The system of calling to make an appointment just wouldn't work here. Instead, people walk or ride in to Ndiago in the early morning, even before the post is open. They take their seats in the benches and wait. As each person walks in, perhaps with a child slung across her back or guiding an elderly relative, he or she pauses to greet those who are already seated. Each newcomer greets, asks after the health of common friends or relatives in neighboring villages, finds a place to sit. The greeting ritual is so highly formalized that someone who is seriously ill will, when asked about his or her health, respond that everything's in perfect shape. Nobody is a stranger here. The men and women talk about recent events in the villages: last week's baptisms, the soccer matches between the young men, the peanut harvest. In doctor's offices across America, patients awkwardly sit with at least one empty seat between them and their unknown temporary neighbors. No conversation, no eye contact, no greetings. There's no physical room for avoidance in this waiting room, no way to stay out of contact with the people seated next to you.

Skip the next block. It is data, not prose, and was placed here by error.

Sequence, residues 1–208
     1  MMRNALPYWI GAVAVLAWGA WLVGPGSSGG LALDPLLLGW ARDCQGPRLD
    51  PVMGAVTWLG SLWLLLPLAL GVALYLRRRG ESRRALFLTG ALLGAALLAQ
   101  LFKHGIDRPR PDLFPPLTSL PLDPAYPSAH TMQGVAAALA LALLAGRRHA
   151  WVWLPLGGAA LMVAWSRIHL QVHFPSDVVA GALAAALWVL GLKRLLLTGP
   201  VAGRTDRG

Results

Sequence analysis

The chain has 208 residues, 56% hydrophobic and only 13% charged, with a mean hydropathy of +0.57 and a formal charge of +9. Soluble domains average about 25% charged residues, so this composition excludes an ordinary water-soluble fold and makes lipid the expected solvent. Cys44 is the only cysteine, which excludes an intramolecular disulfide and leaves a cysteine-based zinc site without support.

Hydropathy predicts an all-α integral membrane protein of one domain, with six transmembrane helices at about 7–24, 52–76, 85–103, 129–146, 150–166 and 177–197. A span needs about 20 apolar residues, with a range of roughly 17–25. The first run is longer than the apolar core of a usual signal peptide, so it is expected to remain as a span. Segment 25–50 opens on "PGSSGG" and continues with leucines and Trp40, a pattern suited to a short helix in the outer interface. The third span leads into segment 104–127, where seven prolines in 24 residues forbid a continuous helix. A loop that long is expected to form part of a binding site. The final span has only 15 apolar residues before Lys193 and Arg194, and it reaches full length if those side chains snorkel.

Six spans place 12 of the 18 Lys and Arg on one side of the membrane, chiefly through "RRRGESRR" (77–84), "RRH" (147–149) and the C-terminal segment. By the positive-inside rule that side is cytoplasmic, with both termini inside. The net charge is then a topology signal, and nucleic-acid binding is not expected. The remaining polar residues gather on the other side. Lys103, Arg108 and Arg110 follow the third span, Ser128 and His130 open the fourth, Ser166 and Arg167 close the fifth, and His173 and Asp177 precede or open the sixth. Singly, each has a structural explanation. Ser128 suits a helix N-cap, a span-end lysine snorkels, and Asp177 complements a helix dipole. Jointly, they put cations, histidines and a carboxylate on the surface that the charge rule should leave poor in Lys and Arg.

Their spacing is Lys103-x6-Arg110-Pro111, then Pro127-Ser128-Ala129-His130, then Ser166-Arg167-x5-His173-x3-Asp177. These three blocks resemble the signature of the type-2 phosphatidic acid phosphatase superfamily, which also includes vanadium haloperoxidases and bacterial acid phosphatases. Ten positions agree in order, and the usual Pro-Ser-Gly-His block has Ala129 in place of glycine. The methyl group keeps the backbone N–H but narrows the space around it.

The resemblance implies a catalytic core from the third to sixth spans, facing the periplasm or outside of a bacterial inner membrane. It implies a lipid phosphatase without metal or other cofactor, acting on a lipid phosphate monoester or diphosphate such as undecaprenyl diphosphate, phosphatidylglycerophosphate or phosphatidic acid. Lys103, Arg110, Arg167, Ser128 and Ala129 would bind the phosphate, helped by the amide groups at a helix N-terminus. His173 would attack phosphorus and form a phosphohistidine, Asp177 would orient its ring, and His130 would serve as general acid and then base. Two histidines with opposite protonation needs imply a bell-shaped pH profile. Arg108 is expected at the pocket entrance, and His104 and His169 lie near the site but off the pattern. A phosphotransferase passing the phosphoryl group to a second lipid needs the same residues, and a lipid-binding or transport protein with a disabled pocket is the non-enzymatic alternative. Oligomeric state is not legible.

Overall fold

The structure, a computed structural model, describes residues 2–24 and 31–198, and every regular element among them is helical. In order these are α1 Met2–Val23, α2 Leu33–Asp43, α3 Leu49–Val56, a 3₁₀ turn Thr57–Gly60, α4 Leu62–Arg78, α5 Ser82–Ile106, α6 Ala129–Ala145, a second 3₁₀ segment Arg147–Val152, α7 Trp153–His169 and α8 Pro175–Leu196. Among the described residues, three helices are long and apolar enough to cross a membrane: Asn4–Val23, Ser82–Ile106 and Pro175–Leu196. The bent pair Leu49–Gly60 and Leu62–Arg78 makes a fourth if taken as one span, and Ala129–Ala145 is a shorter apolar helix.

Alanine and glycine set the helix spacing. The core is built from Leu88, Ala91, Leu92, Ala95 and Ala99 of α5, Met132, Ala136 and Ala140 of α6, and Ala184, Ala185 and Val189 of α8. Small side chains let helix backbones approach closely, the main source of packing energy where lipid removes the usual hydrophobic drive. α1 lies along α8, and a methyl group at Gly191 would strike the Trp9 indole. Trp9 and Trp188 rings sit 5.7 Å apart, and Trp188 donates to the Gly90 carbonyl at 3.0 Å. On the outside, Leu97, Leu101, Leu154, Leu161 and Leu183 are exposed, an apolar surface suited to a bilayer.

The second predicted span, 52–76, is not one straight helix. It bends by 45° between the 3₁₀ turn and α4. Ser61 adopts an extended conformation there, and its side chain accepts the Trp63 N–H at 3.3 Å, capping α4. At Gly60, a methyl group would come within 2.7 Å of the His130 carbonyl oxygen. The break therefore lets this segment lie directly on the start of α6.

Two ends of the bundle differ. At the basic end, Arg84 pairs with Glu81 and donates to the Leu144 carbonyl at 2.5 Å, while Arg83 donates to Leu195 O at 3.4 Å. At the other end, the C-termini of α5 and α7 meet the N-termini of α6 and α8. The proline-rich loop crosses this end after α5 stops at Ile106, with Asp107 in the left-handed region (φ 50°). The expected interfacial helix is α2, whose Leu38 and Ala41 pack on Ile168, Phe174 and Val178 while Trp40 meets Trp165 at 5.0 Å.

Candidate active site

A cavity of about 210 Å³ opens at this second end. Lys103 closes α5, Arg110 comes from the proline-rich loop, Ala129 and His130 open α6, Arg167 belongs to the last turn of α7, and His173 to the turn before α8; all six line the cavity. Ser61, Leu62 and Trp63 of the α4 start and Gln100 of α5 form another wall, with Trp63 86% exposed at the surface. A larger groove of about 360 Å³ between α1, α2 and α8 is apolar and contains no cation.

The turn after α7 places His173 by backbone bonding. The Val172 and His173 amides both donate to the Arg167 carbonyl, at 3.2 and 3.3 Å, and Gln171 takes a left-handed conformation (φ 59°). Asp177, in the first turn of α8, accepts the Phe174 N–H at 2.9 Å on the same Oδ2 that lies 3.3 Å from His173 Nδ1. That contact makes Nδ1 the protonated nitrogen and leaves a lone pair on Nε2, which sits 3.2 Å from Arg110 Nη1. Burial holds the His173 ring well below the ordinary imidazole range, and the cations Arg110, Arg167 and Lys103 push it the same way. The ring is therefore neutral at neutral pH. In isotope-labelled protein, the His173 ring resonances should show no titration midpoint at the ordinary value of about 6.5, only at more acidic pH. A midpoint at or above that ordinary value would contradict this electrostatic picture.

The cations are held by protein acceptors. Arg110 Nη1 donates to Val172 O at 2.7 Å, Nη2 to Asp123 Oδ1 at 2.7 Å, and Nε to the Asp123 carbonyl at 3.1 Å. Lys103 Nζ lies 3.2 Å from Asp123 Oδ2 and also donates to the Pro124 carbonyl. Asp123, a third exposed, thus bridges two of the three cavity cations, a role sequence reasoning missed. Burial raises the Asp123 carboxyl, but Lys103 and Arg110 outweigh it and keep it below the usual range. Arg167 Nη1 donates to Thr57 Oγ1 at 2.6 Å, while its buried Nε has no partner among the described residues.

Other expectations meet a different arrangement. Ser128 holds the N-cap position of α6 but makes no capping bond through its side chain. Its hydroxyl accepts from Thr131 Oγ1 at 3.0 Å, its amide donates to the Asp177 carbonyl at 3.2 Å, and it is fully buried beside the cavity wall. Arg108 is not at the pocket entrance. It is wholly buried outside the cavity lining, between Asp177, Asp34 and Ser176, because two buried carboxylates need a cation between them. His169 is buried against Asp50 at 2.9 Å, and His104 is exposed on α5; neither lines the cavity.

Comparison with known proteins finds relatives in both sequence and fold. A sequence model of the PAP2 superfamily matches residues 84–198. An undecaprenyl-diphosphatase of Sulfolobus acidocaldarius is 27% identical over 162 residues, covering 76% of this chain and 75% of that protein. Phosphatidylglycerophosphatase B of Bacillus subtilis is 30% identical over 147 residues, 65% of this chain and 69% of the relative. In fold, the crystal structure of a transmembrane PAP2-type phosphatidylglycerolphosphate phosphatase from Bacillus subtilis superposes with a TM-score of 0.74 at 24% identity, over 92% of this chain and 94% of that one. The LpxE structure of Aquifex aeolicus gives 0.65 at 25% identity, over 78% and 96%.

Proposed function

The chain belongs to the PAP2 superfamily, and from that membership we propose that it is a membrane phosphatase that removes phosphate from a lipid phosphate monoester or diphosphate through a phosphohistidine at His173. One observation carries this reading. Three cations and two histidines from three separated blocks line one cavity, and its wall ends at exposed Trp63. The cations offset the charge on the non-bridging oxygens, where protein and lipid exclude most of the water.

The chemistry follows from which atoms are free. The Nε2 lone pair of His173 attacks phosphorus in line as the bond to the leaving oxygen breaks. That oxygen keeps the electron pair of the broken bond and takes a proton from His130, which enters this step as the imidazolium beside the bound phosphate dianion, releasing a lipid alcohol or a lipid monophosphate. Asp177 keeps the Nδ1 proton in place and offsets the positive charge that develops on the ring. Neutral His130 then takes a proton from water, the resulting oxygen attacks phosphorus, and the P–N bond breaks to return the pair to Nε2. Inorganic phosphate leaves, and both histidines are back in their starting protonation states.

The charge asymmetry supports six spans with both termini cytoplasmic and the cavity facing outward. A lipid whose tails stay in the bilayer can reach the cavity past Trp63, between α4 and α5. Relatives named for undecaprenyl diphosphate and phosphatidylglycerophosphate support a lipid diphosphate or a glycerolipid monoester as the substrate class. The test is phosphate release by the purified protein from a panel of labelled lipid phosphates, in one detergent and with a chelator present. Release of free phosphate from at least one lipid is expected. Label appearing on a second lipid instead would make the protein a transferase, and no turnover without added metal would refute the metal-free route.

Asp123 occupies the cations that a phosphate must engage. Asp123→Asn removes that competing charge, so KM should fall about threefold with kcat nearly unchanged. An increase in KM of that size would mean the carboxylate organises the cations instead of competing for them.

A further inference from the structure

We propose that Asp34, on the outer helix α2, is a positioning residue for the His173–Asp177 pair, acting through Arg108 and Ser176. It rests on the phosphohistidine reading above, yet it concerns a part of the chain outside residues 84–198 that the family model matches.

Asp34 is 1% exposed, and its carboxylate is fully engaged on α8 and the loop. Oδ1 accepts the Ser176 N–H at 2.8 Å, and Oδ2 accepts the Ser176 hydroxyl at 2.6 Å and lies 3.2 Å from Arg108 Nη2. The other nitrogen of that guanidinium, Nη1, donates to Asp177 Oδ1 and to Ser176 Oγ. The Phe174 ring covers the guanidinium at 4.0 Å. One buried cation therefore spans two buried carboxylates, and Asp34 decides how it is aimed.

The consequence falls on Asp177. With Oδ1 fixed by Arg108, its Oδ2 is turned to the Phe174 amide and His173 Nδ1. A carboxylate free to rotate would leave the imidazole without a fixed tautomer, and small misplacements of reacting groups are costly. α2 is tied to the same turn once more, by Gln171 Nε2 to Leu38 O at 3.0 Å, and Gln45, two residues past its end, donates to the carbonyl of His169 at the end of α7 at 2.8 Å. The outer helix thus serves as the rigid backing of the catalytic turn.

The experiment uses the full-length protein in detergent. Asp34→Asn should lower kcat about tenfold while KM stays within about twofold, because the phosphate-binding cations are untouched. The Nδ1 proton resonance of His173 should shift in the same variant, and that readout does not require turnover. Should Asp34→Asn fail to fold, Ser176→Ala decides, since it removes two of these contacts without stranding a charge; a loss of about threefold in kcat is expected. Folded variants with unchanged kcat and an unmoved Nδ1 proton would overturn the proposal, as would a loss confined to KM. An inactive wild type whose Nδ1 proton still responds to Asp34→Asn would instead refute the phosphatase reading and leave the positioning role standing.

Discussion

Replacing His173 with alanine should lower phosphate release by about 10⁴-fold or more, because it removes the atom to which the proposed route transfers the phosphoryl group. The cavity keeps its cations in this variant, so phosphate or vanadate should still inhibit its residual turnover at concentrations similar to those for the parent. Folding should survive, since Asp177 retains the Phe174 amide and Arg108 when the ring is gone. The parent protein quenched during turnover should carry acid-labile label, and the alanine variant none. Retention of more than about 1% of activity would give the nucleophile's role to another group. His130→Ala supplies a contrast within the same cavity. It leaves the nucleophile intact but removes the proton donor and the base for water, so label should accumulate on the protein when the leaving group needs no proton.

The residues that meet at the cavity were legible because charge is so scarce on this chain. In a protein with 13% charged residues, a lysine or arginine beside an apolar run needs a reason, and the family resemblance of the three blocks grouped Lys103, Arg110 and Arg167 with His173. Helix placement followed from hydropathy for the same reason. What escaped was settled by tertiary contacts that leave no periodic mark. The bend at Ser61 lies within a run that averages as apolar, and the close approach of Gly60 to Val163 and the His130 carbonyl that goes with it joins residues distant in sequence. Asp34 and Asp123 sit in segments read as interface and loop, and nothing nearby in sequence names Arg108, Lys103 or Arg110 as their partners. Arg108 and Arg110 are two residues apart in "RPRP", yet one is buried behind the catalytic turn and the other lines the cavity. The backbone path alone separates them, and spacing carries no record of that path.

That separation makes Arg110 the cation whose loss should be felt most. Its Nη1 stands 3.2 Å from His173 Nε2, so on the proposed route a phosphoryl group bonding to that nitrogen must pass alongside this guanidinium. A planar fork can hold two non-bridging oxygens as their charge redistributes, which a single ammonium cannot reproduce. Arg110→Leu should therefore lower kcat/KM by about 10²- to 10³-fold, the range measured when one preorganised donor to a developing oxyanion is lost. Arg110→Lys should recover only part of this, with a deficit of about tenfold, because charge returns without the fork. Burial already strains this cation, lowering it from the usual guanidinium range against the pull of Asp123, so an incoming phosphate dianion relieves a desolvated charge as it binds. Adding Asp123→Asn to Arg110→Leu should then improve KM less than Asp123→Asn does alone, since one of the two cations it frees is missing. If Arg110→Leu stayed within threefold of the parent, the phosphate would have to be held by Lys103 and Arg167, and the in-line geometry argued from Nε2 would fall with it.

All this is true, of course, in a lot of public places in Senegal: schools, for example, and public transit. You're squished together with a lot of strangers, so you might as well make conversation. If the physical reality of the situation is such that it's impossible to feel the peace of solitude, you may as well give up denying that you're not alone. But here in this waiting room, where people come with sometimes terrifying illnesses, the crowd seems invasive. If you're scared for yourself, your child, or your parent, maybe the greeting ritual and patter of conversation grates at your nerves. If something you don't understand is making you sick, maybe what you want is a little bit of solitude and quiet to think it through. You're dealing with apprehension, fear, pain, and a whole host of other emotions. It could be difficult to sort those things out while diligently taking part in a description of all the gifts given on the occasion of a recent wedding.